Darwinism Design inference Genetics Intelligent Design

The standard genetic code is “optimized” to reduce costly errors

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File:DNA simple.svg An interesting new paper on how the genetic code minimizes the impact of mistranslations:

Statistical and biochemical studies of the standard genetic code (SGC) have found evidence that the impact of mistranslations is minimized in a way that erroneous codes are either synonymous or code for an amino acid with similar polarity as the originally coded amino acid. It could be quantified that the SGC is optimized to protect this specific chemical property as good as possible. In recent work, it has been speculated that the multilevel optimization of the genetic code stands in the wider context of overlapping codes. This work tries to follow the systematic approach on mistranslations and to extend those analyses to the general effect of frameshift mutations on the polarity conservation of amino acids. We generated one million random codes and compared their average polarity change over all triplets and the whole set of possible frameshift mutations. While the natural code—just as for the point mutations—appears to be competitively robust against frameshift mutations as well, we found that both optimizations appear to be independent of each other. For both, better codes can be found, but it becomes significantly more difficult to find candidates that optimize all of these features—just like the SGC does. We conclude that the SGC is not only very efficient in minimizing the consequences of mistranslations, but rather optimized in amino acid polarity conservation for all three effects of code alteration, namely translational errors, point and frameshift mutations. In other words, our result demonstrates that the SGC appears to be much more than just “one in a million”.
Abstract: (open access) – Geyer R, Madany Mamlouk A. (2018) On the efficiency of the genetic code after frameshift mutations. PeerJ 6:e4825 https://doi.org/10.7717/peerj.4825 More.

The researchers conclude:

For all three deleterious mechanisms, the genetic code shows clear evidence of its capability to minimize their effects by conserving the polarity of the coded amino acids. The results show that the SGC is most efficient in minimizing the effect of translational errors. It outperforms more than 99.99% of one million randomly generated codes. This effect even got stronger for the combination of all three proposed measures, indicating that all three factors might have been contributed independently to the evolution of this sophisticated, robust, and universal coding. … Thus, our principal conclusion is that stability against frameshift mutations should be put on to the list of the series of features the SGC achieved in the course of evolution.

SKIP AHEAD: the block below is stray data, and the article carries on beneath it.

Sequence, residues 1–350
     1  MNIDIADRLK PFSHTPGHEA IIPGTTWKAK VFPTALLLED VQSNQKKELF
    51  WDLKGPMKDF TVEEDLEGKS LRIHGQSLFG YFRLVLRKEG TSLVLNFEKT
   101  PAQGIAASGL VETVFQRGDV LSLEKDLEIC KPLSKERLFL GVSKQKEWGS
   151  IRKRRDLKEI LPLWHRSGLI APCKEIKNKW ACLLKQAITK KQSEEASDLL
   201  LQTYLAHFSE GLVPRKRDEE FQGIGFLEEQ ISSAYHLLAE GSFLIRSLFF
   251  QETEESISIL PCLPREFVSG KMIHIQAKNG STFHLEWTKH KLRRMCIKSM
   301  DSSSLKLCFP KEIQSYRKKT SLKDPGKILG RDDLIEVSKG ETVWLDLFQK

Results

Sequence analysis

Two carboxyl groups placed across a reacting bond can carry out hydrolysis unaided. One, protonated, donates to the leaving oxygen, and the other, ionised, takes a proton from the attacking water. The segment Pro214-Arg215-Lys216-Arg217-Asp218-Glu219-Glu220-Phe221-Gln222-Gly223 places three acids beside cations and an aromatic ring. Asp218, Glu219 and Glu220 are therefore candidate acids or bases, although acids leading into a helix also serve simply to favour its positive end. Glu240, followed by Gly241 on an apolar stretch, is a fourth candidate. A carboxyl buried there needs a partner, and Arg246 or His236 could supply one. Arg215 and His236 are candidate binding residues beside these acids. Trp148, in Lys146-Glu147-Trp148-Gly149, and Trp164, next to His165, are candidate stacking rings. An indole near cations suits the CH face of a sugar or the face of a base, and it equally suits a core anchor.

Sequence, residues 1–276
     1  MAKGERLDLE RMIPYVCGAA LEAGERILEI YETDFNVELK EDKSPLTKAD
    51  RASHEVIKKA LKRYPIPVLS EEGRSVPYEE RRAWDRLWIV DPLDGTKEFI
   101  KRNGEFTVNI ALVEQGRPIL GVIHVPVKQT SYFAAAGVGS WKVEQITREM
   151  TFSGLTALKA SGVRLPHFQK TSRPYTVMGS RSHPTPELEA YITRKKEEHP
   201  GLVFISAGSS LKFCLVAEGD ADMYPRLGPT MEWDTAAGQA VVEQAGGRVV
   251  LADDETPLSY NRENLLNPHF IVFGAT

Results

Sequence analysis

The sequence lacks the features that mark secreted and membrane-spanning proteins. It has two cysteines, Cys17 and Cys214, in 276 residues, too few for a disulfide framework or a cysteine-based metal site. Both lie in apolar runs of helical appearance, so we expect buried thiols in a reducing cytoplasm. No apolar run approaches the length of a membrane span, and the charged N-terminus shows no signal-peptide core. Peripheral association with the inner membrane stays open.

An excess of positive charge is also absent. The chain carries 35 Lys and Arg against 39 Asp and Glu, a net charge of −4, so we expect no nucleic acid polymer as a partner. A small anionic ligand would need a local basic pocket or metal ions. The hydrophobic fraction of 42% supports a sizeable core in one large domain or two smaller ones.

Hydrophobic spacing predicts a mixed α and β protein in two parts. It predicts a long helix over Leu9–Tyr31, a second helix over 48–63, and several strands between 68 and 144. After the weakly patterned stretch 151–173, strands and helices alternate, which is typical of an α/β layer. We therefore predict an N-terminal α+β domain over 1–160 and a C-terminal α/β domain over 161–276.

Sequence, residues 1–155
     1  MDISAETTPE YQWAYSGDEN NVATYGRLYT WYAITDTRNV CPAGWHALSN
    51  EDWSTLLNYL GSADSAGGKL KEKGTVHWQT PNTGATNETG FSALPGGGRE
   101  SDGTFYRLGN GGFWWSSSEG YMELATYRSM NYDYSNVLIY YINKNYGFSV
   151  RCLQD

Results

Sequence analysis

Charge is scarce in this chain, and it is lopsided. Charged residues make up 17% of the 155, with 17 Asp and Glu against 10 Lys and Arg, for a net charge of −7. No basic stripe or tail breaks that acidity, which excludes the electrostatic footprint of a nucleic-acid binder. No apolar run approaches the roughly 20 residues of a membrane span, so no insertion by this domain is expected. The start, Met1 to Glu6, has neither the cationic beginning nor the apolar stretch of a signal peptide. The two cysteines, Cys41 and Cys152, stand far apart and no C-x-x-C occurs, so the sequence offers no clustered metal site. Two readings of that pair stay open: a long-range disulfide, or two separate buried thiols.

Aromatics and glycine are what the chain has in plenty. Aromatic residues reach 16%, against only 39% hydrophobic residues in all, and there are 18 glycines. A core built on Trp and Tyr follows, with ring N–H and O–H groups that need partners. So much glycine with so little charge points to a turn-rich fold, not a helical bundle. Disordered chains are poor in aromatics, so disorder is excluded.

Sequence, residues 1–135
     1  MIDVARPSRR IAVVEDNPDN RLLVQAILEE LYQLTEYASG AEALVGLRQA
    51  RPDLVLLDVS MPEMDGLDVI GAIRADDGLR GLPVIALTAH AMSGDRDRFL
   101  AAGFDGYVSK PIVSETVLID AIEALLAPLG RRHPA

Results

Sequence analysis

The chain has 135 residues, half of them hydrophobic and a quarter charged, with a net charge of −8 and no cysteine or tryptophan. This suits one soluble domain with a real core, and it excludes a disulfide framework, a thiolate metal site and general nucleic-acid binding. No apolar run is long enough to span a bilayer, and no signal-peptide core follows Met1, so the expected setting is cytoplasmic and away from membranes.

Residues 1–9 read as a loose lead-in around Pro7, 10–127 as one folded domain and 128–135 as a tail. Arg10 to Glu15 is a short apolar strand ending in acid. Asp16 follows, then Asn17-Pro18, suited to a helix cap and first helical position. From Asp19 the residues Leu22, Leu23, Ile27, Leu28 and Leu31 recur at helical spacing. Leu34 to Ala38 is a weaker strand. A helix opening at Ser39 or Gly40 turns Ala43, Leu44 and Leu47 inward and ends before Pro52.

“Optimized”?“Achieved”? This is the language of design and purpose. No assertion is made here that the genome is a random concoction of chemicals that somehow swished together.

Hat tip: Pos-darwinista

See also: Decidedly un-Darwinian admissions re proteins. What is killing Darwinism is really that we are seeing a fascinating new world of biology and it is just not the textbook Darwinism defended in so much popular media. And whatever it turns out to be, it will never be that.

3 Replies to “The standard genetic code is “optimized” to reduce costly errors

  1. 1
    Deputy Dog says:

    “Minimize the impact of” ??? Give me a break. The “designer” can’t do any better than that?

    Humans have found ways to ELIMINATE copying/translation errors in software so that we don’t have to worry about “impact”.

    https://en.wikipedia.org/wiki/Error_detection_and_correction

    The “designer” can’t even achieve what humans have done? Shocking !

  2. 2
    ET says:

    Either Deputy Dog is a Poe or it is totally clueless. The human machines HAD TO eliminate the errors or else the machines wouldn’t work. Also changes in genomes need to happen. And then there is the FACT that the organisms we are observing today are NOT the originally designed organisms and entropy has taken hold.

  3. 3
    Belfast says:

    Quantum mechanics suggests the universe is inherently fuzzy—for instance, one can never absolutely know a particle’s position and momentum at the same time.
    In a cell, reactions are at the atomic level, miiscopying may be influenced by quantum mechanics.
    So you can’t have a universe designed on quantum mechanics without some method of error correction.
    Plausible?

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